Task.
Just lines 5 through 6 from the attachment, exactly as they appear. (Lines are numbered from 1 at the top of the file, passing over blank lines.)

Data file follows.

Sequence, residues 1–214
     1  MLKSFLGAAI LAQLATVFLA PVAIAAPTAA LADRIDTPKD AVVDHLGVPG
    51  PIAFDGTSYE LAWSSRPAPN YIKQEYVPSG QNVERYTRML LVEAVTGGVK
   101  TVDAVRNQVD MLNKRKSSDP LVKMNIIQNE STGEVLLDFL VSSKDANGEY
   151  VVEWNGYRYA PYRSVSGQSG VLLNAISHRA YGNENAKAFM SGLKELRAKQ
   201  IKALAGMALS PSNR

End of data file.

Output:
   151  VVEWNGYRYA PYRSVSGQSG VLLNAISHRA YGNENAKAFM SGLKELRAKQ
   201  IKALAGMALS PSNR